Thursday, November 7, 2019



Last June, I was invited to give a presentation at the annual Notre Dame Preaching Conference up at Notre Dame University. The title of my presentation was:
Claiming the Pulpit for Spiritual Leadership and Personal Sanctification

The Diocese of Nashville heard about it and asked me to repeat it at the Pastoral Center as a "study day" for the priests and deacons of the diocese. I am honored since one of my fellow Louisville priests, Father Mark Spalding, is now Bishop Mark Spalding, the bishop of Nashville. 

Bishop Mark Spalding

My seminary classmate, Gary Marvin, is going to drive me down to Nashville in his new car. We'll have lots to talk about. 
He is always so helpful - with my computer, my blog and my research. 

Tuesday, November 5, 2019



They are located right here in Louisville, Kentucky.
They do excellent work with their team of volunteers saving tons of good usable medical supplies from being wasted. 

We Have Sent Two Containers to Saint Vincent and the Grenadines - Ten Tons

Play the video... Click on the arrow on bottom left...

Supplies Over Seas Support Video from Paper Crane Cinema Co. on Vimeo.

Sunday, November 3, 2019


He has gone to stay at a sinners house!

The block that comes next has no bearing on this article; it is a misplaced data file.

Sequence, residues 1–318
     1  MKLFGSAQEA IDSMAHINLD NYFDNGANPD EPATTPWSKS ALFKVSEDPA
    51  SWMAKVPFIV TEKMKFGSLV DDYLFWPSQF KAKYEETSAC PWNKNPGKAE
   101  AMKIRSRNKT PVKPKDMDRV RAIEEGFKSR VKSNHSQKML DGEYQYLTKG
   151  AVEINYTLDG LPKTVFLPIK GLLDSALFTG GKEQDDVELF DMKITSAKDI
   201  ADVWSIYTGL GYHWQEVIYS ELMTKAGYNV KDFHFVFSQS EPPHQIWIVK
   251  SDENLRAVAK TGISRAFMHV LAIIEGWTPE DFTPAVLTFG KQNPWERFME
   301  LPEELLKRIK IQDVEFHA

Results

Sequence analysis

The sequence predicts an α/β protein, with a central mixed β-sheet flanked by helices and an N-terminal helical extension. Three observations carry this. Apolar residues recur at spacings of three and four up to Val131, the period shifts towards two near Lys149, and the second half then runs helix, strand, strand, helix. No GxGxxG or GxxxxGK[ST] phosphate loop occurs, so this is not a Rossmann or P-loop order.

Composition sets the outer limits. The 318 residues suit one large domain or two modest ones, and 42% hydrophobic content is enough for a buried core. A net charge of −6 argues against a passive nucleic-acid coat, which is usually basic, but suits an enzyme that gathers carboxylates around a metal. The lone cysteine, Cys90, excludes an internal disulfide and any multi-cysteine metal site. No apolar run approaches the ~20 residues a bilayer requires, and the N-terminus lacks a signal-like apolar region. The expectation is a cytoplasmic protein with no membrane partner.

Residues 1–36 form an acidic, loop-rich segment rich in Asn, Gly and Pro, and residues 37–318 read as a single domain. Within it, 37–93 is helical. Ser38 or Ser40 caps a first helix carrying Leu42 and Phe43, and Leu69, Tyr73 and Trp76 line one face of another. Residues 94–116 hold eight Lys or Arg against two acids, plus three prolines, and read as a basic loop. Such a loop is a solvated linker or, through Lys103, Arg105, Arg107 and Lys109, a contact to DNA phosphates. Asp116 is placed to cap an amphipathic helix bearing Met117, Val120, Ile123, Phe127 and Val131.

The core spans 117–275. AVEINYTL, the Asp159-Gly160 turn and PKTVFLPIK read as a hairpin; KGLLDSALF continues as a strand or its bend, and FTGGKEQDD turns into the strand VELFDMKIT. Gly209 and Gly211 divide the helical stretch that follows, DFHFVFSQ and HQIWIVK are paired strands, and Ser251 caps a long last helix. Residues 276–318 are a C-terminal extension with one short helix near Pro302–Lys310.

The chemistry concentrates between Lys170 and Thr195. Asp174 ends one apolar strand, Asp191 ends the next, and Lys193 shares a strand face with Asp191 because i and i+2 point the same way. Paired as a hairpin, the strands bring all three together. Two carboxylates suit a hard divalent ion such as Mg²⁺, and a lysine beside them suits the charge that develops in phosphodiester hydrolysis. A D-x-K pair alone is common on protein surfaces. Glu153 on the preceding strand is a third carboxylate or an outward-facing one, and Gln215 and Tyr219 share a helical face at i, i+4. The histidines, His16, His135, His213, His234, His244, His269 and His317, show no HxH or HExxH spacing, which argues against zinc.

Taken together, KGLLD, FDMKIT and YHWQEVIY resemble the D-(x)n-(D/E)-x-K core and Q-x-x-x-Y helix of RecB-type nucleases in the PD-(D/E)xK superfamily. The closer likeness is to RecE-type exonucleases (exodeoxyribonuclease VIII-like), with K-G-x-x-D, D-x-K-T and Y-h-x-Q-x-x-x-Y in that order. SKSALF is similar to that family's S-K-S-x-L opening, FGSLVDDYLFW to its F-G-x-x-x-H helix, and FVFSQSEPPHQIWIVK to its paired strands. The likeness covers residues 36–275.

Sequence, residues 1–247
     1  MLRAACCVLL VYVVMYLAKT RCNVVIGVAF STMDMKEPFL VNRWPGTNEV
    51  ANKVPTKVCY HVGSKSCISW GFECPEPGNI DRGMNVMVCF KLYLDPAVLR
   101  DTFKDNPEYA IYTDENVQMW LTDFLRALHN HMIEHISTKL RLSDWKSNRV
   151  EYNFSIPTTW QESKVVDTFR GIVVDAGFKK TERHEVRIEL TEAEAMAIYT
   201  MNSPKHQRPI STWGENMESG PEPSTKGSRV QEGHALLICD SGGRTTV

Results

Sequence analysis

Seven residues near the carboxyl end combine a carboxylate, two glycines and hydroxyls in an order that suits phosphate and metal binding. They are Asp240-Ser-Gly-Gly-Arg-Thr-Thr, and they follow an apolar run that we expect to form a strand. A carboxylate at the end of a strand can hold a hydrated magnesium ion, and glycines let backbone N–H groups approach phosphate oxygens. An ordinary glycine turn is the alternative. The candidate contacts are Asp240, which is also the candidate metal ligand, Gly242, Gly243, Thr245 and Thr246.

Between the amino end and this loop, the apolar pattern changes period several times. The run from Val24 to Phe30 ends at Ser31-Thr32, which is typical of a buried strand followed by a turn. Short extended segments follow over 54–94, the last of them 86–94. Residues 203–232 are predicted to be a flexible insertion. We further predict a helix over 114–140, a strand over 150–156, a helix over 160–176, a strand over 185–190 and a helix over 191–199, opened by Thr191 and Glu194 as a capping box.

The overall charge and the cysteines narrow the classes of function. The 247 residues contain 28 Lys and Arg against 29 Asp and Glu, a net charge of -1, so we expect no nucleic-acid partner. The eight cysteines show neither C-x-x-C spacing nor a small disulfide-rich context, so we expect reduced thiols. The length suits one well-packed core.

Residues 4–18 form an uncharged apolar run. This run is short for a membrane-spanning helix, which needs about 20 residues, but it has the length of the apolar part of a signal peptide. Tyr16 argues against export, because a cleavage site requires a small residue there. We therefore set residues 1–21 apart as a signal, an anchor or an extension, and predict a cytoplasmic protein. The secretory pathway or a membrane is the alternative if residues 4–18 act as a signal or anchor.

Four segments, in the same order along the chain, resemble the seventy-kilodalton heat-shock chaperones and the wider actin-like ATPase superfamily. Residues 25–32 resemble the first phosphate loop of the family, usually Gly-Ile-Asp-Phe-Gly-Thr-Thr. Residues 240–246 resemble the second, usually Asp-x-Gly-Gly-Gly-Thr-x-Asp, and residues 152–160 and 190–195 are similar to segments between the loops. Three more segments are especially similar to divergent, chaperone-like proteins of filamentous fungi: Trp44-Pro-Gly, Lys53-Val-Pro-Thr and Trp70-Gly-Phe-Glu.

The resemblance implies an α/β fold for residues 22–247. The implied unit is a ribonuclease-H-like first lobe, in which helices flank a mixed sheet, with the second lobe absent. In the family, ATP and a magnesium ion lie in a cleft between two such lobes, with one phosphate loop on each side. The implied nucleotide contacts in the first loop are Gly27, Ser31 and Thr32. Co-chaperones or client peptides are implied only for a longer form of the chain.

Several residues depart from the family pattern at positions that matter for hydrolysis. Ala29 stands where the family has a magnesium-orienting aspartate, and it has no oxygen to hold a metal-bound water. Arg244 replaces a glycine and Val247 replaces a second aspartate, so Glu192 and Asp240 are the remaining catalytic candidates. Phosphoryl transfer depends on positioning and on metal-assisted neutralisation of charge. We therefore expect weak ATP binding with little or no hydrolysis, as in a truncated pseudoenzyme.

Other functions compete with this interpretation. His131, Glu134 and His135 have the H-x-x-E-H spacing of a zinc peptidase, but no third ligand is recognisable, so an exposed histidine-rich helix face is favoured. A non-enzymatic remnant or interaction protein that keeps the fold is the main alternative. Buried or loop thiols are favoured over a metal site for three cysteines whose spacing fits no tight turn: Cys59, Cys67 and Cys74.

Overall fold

Luke 19:1-10

“You can’t judge a book by its cover!”  We have all heard this warning about disappointing contents coming in beautiful packaging. All of us, no doubt, have been fooled into buying a book with an attractive cover or rented a movie with a great-sounding trailer that turned out to be “garbage.”

In the religious world, “you can’t judge a book by its cover” is true as well! Many, no doubt, have been fooled by “religious types” with their great made-for-TV images, who were really nothing more than “wolves in sheep’s clothing!” 

In the spiritual world, “you can’t judge a book by its cover,” is true as well in a very different sense. The story of Zacchaeus is a case in point. On the outside, he appears to be a rotten low-life sinner, but he turns out to be a humble, generous and religious man! “You can’t judge a book by its cover” in his case either!

Externally, Zacchaeus was a sawed-off, greedy, little crook in the eyes of his hometown folks. He was up to his eye-balls in an extortion racket under the auspices of the hated Roman government. He was one of those tax-collectors hired by the occupying Roman authorities to squeeze money out of his fellow Jews, especially the poorest of the poor, to line the pockets of the Roman Emperor, as well as his own. On the surface of things, he was one rotten little scumbag!

In the Old Testament we read, “People see externals, but God sees into the heart.” Nowhere do we see this more clearly than in a side-by-side comparison of Zacchaeus and those who judged him.

On one hand, some of the Pharisees were, from all appearances, holy, upstanding members of the community, “pillars of the church,” but underneath they were rotten to the core. Jesus called them “white washed tombs that looked real good on the outside, but inside were filled with stench and rot.”

On the other hand, Zacchaeus appeared to be a rotten, no-good, sinner in the eyes of all the people. Jesus, however, because he had the ability to see into hearts, did have the ability to judge a book by its cover. When he looked up into the tree and saw Zacchaeus, he saw a lot of goodness down deep inside this little man. “People see externals, but God sees into the heart.”